Naturally, the mind-reading helmet winds up causing Little Archie nothing but grief. The story ends with the reveal of what Little Archie gave Zoog: his Christmas stocking, which the little extra-terrestrial is wearing like a sleeping bag and enjoying the warmth it provides.
Next up is “The Champ,” where we see Little Jughead knock out Fangs Fogarty with one punch after Fangs enrages him by swiping his sandwich. (Quite a turn of events since Little Archie #136, huh?) This naturally leads to Coach Kleats recruiting Juggy for the school boxing team which leads to the rather typical Jughead hijinks.
The last story featured Little Sabrina, as was tradition back then. In this story, “One of the Family,” Sabrina’s cat Salem reveals that he was one of the kittens that lost its mittens from the classic nursery rhyme, and was kicked out of his home as a result, his father telling him not to come back until he found his mittens. Christmas upsets him because he can’t see his family for the holiday. Sabrina proceeds to try and reunite Salem with his family in time for Christmas.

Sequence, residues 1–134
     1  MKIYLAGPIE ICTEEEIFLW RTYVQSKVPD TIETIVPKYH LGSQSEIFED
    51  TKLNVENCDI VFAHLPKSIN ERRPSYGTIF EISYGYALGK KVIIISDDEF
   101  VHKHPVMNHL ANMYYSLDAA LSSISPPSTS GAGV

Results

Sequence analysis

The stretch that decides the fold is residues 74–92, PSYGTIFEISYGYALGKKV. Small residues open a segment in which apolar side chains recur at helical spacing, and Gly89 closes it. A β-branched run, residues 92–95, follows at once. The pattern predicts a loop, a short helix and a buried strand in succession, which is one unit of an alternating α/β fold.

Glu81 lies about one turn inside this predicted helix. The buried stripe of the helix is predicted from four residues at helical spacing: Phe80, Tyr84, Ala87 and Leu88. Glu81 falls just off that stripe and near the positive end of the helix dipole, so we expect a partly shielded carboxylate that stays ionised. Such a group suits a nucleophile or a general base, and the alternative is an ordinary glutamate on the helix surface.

All in all, this was a perfectly pedestrian and inoffensive issue of Little Archie. What makes this comic special has absolutely nothing to do with its content.
What makes Little Archie #180 a landmark is that it was the last issue of the title to be published. To be clear, this wasn’t the end of seeing the adventures of Little Archie and his friends on the stands, as they would continue to pop up irregularly in the pages of Archie Giant Series, along with several other retired Archie features, until late 1990 or so. (Their last appearance was in issue #619, cover date January 1991; the final issue of Archie Giant Series overall was #632, cover date July 1992.) Little Archie would still pop up in digests and, in later years, trade paperback reprints, but would not appear in the traditional comic book form again outside of the Legend of the Lost Lagoon comic (written and illustrated by Bob Bolling) issued for Free Comic Book Day in 2007.